Why President Obama Is Really No Worse than el Presidente Chávez

September 26th, 2011

By Dan Miller

President Obama and el Presidente ChavezHere are some of the contrasting great leaps forward made or promised by these two astonishing leaders.

This article by James Petras, a former professor of sociology at Binghamton University who claims “a 50-year membership in the class struggle,” appeared on September 17 in the Dissident Voice — a remarkable publication with which I had not previously been familiar. It chastises our beloved President Obama because he has failed to make the tremendous progress attributable to Venezuelan el Presidente Chávez. The author, in slamming President Obama, neglects at least one salient factor: unlike el Presidente Chávez, who has been in office for about ten years, President Obama has had fewer than three years to lift the United States from the morass of capitalism and to bring forth a glorious new society pleasing unto Him. In defense of the author, it does seem as though President Obama has been in office for at least ten years, often even longer.

Here are some of the contrasting great leaps forward made or promised by these two astonishing leaders. Although both will face reelections in 2012 when the economic conditions of their countries will be foremost in the minds of the voters, el Presidente Chávez has moved vigorously to give Venezuela an ideal society while President Obama has failed to do that for the United States. For example,

President Chavez responded via a large scale program in public spending on social programs. Billions were allocated in a massive housing program designed to create one million homes over the next several years. . . .

While few of the promised new homes have actually been built, at least they have been promised. And that’s important; elections are coming soon and promises work very well. This, courtesy of Weil at Tal Cual:

Housing Promises by el Presidente Chavez

Not content to rest upon his housing laurels,

Chavez increased the minimum wage, social security and pension payments, increasing consumption among low income groups, stimulating demand and increasing revenues for small and medium size businesses.

This must have been very hard to do, since Venezuela has eliminated much private economic activity and made most of what remains unprofitable. The takeover of farm lands and food distribution has also resulted in chronic shortages. That’s not a problem — it’s a feature, not a bug:

The former paratrooper, who is an avowed fan of Robert Mugabe, the Zimbabwean dictator, and Fidel Castro, Cuba’s Communist tyrant, boasted that he has launched a new era of socialist supremacy. He said:

“Socialism is necessarily better than capitalism across the board and, that’s what we’re proving.”

Change we can believe in takes time so patience is necessary! As shown by these graphs from the Washington Post, things are already changing in Venezuela, thanks in part to the firing in 2003 of twenty thousand subversive Venezuelan oil workers, many of whom are now doing their thing in Colombia. Another factor has been the failure to maintain and improve oil infrastructure. This has been good for Venezuela because oil, the Devil’s Excrement, can be harmful to the nations where it is produced, as President Obama in his wisdom is also well aware.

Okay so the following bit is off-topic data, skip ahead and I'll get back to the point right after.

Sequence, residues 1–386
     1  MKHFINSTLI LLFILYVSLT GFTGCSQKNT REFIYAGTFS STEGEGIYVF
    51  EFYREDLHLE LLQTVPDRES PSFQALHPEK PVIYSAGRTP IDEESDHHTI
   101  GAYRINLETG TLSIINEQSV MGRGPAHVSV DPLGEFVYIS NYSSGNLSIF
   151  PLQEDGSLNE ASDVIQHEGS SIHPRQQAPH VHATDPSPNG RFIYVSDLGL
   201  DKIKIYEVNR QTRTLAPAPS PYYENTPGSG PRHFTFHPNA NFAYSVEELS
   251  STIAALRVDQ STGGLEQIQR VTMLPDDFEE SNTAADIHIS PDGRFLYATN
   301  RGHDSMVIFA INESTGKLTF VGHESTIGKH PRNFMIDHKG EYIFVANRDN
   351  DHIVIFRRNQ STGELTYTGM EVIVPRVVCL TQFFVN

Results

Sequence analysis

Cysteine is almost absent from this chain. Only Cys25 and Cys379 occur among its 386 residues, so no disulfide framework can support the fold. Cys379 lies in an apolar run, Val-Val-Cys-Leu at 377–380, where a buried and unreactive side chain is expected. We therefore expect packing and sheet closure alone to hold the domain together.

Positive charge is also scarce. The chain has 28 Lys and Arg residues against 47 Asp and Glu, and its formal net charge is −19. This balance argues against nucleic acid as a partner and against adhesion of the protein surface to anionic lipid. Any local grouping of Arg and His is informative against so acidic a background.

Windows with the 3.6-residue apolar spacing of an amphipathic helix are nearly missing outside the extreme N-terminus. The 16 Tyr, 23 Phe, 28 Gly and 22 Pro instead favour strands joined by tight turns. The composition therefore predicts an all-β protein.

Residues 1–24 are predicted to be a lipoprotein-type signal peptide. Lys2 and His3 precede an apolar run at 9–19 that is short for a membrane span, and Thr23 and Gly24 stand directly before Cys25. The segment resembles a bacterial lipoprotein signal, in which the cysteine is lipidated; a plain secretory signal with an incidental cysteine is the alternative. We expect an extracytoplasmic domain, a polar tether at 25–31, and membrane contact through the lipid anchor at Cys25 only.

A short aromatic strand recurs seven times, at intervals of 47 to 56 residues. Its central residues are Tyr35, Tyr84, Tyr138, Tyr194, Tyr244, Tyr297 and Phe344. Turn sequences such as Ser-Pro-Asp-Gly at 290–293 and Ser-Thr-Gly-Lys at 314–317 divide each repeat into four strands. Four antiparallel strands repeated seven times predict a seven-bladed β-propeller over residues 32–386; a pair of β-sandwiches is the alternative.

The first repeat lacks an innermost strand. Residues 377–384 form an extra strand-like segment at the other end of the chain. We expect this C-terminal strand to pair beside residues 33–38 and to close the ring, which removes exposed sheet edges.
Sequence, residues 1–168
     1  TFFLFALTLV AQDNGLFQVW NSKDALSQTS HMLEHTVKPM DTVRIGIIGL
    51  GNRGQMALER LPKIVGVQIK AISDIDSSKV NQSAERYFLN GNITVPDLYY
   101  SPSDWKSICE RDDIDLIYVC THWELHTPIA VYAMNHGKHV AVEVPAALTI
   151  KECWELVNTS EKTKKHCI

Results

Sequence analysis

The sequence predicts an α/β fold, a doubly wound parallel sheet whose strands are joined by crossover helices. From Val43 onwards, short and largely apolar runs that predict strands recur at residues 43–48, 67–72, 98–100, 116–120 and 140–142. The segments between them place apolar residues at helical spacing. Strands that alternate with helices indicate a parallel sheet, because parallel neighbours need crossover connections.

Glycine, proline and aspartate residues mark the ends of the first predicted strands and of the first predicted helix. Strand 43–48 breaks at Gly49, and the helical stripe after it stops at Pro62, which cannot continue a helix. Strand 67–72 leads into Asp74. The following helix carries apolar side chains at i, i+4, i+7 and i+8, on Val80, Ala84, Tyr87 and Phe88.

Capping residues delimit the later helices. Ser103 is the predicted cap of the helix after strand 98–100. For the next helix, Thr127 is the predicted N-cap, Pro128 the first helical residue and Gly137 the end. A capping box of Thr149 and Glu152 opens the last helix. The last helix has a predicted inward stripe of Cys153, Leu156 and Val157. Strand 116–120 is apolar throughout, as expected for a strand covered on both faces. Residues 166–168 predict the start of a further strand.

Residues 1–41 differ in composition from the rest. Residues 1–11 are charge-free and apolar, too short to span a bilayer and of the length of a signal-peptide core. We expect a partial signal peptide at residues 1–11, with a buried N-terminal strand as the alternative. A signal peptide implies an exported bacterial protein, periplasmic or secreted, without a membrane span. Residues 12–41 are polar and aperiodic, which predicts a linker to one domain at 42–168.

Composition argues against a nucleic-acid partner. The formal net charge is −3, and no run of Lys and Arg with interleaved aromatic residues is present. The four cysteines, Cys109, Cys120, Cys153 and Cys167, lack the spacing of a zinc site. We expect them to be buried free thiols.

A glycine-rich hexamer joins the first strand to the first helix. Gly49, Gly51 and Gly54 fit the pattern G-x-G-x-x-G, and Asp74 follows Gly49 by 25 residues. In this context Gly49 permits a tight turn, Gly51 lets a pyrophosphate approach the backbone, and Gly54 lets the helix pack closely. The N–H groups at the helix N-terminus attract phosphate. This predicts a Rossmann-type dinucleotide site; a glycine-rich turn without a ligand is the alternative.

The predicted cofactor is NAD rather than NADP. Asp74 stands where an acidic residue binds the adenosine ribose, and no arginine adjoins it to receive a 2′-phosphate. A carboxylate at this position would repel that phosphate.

Oil Production in Venezuela and Colombia

The Dissident Voice continues,

The Chavez government sustained living standards by instituting price controls on food and other essentials, which sustained popular demand at the expense of profiteering by the owners of super markets. The Chavez government nationalized lucrative gold mines and repatriated overseas reserves in the course of financing its demand-driven economic recovery program, eschewing tax concessions to the rich and bailouts of bankrupt banks and private businesses.

The article fails to note with appropriate pride that inflation is officially now 25.1 percentsecond only to the Democratic Republic of Congo — and rising again. This is one of the many areas in which Venezuela leads the world in economic expansion. Others include violent crime:

In Iraq, a country with about the same population as Venezuela, there were 4,644 civilian deaths from violence in 2009, according to Iraq Body Count; in Venezuela that year, the number of murders climbed above 16,000.

Even Mexico’s infamous drug war has claimed fewer lives.

Corruption is also endemic and the just repression of a hostile press, so dangerous to a free and democratic society, is in full bloom:

The Human Rights Foundation (HRF) condemned the recent media crackdown in Venezuela that sent RCTV International (RCTV-I), along with other five cable and satellite TV channels (TV Chile, Ritmo Son, Momentum, America TV, and American Network), off the air last Sunday after they failed to broadcast a speech by President Hugo Chávez. In view of this new attack on freedom of expression, HRF has relaunched its Free RCTV campaign (www.FreeRCTV.com), which aims to raise international awareness about the grave situation of freedom of expression in Venezuela. …

The president of Venezuela and his government have carried out a relentless campaign against independent media in Venezuela – especially against those who question the government’s policies. The president has singled out editors, newspaper owners, reporters, and in one case even challenged the owner of a news channel to be prepared to face him in a duel.

Continue reading this article at Pajamas Media »


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